Two years ago Notre Dame was embarking on one of the most inept seasons in Fighting Irish history.
The 2007 squad would end up losing more games than any other team in school history and it seemed as if the walls of the program were caving in.
That year was a perfect storm caused by a number of factors. First and foremost, the recruiting from 2003 through 2005 was lackluster at best, and certainly not up to par with the normally high Fighting Irish standards.
Also, the coaching staff in place at that time seemed unable to deal with the impending disaster. This was because of the relative inexperience of the coaching staff and the decision to switch to a spread-option offense during the 2007 offseason, which only complicated matters further.
After 15 losses over the next two seasons, the consensus seemed to be that Notre Dame football was in a deep depression and that it would take a long time to climb back to respectability.
Luckily, however, the Irish were able to recruit at a high level during the lousy 2007 and 2008 seasons. This meant that although Notre Dame was being outplayed on a weekly basis, young and talented freshmen and sophomores were getting invaluable experience.
Things would be much worse today if Notre Dame stumbled to a 10-15 record with upperclassmen and would be forced to break in new players with little experience in 2009.
Now, after the first week of the season has passed, Notre Dame is facing a much brighter future with a roster loaded with talented and experienced athletes all across the board.
The Fighting Irish have one of the top quarterbacks in the country, but also have two capable backups ready to step in and play, if needed. Notre Dame also has two of the best receivers in the nation, but also has half a dozen other wideouts ready to contribute. The same can be said for the running backs and the defensive backfield.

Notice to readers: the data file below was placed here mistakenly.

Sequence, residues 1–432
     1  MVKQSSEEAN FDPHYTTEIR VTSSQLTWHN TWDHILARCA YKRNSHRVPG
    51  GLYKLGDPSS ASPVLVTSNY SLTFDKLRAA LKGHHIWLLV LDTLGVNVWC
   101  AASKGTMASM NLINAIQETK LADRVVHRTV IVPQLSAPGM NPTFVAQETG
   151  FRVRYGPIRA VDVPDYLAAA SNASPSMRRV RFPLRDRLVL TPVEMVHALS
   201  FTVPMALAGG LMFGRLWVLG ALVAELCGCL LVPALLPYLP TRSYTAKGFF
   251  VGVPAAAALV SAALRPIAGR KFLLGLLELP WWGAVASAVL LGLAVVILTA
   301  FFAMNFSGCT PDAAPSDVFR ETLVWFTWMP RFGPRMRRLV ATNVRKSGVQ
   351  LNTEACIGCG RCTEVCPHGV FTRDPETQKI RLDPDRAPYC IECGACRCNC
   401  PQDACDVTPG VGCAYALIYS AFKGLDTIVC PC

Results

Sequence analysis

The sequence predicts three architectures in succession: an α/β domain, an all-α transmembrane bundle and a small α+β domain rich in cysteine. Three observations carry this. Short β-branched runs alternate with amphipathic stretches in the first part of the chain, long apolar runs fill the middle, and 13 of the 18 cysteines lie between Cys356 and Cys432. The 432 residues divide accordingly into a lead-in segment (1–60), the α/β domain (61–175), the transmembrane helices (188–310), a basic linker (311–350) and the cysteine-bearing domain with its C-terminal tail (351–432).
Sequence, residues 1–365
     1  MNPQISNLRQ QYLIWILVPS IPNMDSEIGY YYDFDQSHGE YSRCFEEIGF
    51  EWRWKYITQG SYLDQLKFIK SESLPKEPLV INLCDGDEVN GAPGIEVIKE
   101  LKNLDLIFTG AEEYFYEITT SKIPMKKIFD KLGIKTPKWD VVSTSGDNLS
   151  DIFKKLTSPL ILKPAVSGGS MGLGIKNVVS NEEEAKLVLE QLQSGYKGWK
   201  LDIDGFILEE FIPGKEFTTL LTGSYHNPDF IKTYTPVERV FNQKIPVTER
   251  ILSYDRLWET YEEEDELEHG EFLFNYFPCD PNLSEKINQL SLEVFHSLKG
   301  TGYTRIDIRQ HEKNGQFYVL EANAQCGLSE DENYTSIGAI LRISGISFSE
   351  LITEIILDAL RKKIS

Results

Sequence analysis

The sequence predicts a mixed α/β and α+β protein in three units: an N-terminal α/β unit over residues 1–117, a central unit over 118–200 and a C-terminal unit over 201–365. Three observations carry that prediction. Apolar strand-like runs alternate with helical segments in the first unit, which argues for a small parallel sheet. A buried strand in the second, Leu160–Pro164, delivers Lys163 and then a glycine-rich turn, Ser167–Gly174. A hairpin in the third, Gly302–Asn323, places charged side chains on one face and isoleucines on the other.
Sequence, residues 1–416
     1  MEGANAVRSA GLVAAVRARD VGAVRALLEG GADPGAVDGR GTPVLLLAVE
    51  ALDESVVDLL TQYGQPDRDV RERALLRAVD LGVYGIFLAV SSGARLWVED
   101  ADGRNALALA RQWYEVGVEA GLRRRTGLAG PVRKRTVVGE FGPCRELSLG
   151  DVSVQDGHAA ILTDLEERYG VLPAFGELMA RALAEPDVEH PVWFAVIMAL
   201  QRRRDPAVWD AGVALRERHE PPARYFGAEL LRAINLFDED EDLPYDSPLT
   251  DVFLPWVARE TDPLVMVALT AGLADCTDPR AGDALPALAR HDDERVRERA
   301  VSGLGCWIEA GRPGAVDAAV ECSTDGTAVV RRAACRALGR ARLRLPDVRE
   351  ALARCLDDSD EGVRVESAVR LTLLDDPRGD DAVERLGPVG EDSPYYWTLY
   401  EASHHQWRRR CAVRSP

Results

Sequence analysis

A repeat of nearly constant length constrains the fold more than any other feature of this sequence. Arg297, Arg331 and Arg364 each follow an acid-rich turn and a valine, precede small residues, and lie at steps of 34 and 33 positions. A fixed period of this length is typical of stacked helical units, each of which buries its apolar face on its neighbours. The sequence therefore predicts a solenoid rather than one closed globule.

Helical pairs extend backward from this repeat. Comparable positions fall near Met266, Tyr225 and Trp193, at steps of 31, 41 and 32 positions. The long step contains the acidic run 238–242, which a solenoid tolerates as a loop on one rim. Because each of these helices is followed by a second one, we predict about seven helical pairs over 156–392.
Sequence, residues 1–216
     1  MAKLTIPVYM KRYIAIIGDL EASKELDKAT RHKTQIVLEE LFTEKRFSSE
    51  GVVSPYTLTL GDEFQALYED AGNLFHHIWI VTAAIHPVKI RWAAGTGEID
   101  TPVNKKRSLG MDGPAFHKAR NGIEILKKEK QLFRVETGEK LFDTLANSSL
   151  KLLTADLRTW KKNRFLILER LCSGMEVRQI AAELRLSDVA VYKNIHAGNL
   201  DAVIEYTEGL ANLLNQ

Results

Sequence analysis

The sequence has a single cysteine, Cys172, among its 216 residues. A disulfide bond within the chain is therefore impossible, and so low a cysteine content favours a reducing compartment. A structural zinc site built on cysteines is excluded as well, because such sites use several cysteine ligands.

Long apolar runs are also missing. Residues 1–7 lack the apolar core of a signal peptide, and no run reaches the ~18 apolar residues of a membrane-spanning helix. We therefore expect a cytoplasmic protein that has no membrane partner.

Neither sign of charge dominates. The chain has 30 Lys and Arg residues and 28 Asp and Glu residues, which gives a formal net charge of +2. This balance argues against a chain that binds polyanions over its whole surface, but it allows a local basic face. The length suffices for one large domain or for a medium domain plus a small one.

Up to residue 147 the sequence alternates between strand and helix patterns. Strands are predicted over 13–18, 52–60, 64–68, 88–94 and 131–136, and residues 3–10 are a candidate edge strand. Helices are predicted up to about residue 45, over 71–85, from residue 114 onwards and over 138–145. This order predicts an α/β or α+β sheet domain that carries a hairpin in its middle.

But with so much depth comes the dilemma of getting the best players on the field in order to give the team the best chance to win. It may be a tough decision each week for Coach Weis, but for fans of Notre Dame the depth is absolutely delightful.
Nowhere is this dilemma more apparent than in the freshman sensation Manti Te’o. It was believed that Te’o’s skills would allow him to see plenty of minutes in 2009, although nobody outside the program was sure if he would grab a starting position.
So what does Charlie Weis do with Te’o? During his limited action last weekend against Nevada, Te’o looked every bit the No. 1 defensive recruit in the nation. He has already proven he possesses the three attributes of a great linebacker: speed, awareness, and ferocious tackling.
Te’o would probably be a no-brainer to start at one hundred other college programs, but remember, Notre Dame has finally built a lot of depth and it won’t be as easy as some believe. What’s more, linebackers Brian Smith and Toryan Smith were among the best players on the field last weekend as the Irish played a ton in nickel coverage.
When the Irish take the field with three linebackers in the future it is difficult to believe that Te’o will not be one of the starters. Another option available would be to replace Sergio Brown with Te’o as the nickel back. Te’o certainly has the speed to stay in coverage and would be an absolute menace coming off the edge on blitzes.
Nevertheless, it’s a good problem to have when a team has multiple options to resort to and plenty of weapons to deploy on Saturdays. Suddenly, 2007 seems light-years away as the Irish have broken into the top 20 and are looking for a big win at the Big House tomorrow afternoon.
Charlie Weis and John Tenuta may be fretting over who to play, but rest assured Manti Te’o is licking his chops and readying himself to face two freshmen Wolverine quarterbacks.